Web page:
Bookmark   October 16, 2011 at 10:59PM
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zzackey(8b GA)

Wedelia. It has small yellow flowers. Our neighbors in 9a used it with great success. He passed away and she ripped it out. Down went the bank they had saved for years.

    Bookmark   October 18, 2011 at 3:01PM
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We too have two steep hills in our backyard that get barely any water. We're in north GA. When we bought the house there were clumps of English Ivy, obviously doing terribly. You could see the awful erosion all around the clumps. We planted the spreading type of liriope two years ago, and let me tell you we planted three hundred clumps and five have spread so far. We planted the orange wild daylilies here and there, they have become huge and have started to spread. I stuck giant daffodil bulbs and some vinca minor in spots, they are both doing well so far. I will tell you I have creeping phlox out front with good soil and water, and it has covered everything it can reach (hard to weed in). I stuck two of the same plants out back in a corner of the hill to see how it did, and both are the same exact size two years later. Just my two cents to add, hope I helped!

    Bookmark   October 19, 2011 at 11:59AM
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What about ajuga? I'm a northern gardener transplanted into the south, and am still learning. We stuck some ajuga under a tree out back in soil that is cracked like a desert all summer and it has spread like wildfire! Just a thought :)

    Bookmark   October 19, 2011 at 12:01PM
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lonewoof(z7 SC)

Oh, Lord, PLEASE don't advise ANYONE to plant KUDZU! It will take over EVERYTHING -- the steep bank, the rest of the yard, whatever is beyond that -- and you'll NEVER get rid of it!
Liriope can be just as bad; I spent MANY hours last spring pulling up liriope volunteers in my lawn. And the contributors are on my neighbor's property, so I can't do anything about them!
(What's the complaint about crown vetch?)

    Bookmark   October 19, 2011 at 2:56PM
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Houttuynia cordata is extremely invasive,it will spread quickly for sure and by year 4 or 5 be unstoppable. It is attractive and variegated in color, reds, white, dark green but cannot be contained to the desired space. If you ever try to get rid of it you've got the fight of your life. Why it is still being sold I don't know - bad weed.

    Bookmark   October 25, 2011 at 10:11AM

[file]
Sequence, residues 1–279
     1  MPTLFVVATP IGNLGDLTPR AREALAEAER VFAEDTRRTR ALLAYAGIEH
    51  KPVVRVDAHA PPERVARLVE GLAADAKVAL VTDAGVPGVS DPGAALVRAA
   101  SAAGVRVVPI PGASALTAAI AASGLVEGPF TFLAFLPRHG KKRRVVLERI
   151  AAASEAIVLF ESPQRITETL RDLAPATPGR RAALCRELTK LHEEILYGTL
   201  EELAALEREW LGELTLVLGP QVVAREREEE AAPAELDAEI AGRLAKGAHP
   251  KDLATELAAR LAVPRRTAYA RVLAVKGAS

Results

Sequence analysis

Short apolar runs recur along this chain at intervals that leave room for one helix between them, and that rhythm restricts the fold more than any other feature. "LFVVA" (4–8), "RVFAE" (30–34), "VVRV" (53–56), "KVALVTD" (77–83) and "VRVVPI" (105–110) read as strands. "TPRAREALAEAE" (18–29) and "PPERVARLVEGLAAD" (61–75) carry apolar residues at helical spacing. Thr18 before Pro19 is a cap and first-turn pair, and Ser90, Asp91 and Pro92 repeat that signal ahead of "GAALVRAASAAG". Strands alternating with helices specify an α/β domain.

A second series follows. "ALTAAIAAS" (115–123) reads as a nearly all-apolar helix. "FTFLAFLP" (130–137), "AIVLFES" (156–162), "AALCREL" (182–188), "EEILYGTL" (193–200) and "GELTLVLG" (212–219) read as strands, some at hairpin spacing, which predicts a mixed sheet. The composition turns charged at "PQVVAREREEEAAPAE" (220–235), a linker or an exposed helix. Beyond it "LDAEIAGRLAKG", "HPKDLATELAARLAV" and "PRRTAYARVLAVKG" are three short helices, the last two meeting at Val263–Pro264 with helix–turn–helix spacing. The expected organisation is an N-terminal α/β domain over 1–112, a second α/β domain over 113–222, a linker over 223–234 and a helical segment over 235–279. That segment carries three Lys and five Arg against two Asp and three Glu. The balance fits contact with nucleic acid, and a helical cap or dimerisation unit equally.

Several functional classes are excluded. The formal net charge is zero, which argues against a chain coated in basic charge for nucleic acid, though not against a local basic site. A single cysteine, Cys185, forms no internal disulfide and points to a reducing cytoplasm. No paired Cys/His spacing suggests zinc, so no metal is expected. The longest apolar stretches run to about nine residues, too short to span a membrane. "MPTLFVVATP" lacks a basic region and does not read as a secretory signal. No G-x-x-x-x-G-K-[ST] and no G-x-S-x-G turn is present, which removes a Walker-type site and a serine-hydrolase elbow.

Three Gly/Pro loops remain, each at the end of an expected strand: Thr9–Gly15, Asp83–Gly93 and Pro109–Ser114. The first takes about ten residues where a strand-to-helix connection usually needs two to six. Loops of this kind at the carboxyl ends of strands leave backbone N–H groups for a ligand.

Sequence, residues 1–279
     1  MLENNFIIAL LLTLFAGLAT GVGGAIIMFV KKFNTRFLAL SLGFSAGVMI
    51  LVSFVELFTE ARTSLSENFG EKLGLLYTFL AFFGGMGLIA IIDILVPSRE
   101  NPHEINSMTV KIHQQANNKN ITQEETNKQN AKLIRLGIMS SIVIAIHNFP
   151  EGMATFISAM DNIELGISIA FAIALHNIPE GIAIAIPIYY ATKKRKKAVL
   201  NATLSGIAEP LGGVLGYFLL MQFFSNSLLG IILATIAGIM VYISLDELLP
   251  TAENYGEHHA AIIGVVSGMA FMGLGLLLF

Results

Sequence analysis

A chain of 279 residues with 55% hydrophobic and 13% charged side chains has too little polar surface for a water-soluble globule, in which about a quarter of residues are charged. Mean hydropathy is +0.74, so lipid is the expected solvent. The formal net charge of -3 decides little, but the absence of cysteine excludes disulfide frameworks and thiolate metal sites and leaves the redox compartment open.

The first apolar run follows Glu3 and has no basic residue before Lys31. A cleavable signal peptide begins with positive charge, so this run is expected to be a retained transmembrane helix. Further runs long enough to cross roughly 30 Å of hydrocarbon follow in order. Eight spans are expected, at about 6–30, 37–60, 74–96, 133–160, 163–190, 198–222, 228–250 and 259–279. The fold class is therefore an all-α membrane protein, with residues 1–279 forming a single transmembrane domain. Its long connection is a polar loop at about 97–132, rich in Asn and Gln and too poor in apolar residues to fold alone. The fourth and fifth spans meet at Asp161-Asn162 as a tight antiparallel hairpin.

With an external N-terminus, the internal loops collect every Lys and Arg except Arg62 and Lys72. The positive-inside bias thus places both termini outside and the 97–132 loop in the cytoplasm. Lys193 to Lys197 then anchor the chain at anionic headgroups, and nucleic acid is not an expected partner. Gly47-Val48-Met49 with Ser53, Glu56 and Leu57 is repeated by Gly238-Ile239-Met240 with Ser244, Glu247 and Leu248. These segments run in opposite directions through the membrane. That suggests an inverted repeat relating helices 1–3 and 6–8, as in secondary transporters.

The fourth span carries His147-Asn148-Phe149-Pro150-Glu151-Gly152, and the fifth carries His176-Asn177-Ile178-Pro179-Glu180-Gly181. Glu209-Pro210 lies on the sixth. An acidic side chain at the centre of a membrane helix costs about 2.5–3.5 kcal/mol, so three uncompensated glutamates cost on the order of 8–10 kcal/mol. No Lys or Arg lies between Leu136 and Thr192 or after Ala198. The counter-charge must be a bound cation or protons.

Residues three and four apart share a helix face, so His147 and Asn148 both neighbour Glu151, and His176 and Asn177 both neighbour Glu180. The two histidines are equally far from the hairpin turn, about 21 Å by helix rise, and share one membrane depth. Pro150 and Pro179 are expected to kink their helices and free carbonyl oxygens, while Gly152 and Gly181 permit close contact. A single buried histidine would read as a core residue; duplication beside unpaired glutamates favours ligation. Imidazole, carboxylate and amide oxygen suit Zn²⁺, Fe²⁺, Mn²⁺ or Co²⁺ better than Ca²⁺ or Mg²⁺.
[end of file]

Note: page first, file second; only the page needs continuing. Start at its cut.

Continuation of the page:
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You could go with Hardy Cactus (Opuntia humifusa--native to the East coast from Cape Cod to FLorida). They do bloom (bright yellow flowers in June), and are deer-proof. But they do have both those little prickly thorns AND some long sharp ones. I love them!--Keeps out the deer and potential, human trespassers by the way. I have them planted on the south/HOT side of the house along with hardy Ice Plants (Delosperma cooperi--another succulent with pretty blooms).

    Bookmark   October 25, 2011 at 6:19PM
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topsiebeezelbub(z7 Al)

If you haven't already planted this area I would go with your idea...liriope. I have tried and lost most everything else mentioned; unless you have irrigation it would be difficult to keep anything alive. I have had success with lamiastrum, but even that needs water until established. Liriope can be very pretty, and virtually care free. The rock garden idea is great if you have time, money and water.

    Bookmark   January 5, 2012 at 12:37AM
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I am afraid ajuga and lamiastrum are not really very drought-resistant, or? Liriope works for me; of course it looks boring. I also have large and thriving clumps of kniphofia on my dry steep slope, I keep dividing them. But if even periwinkle died, it is an uncommonly problem area.

    Bookmark   January 16, 2012 at 12:43PM
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greyghost61(8b SoWeGa)

I agree with njoasis. There are dozens of opuntia that will grow where you are and they all have nice flowers. I have about 2 dozen varieties that I grow in my yard and when they bloom, it is astounding. Another good benifit aside from the no upkeep, being deer proof and blooms. Most varieties have fruit that taste good and is good for you.

    Bookmark   February 23, 2012 at 7:33PM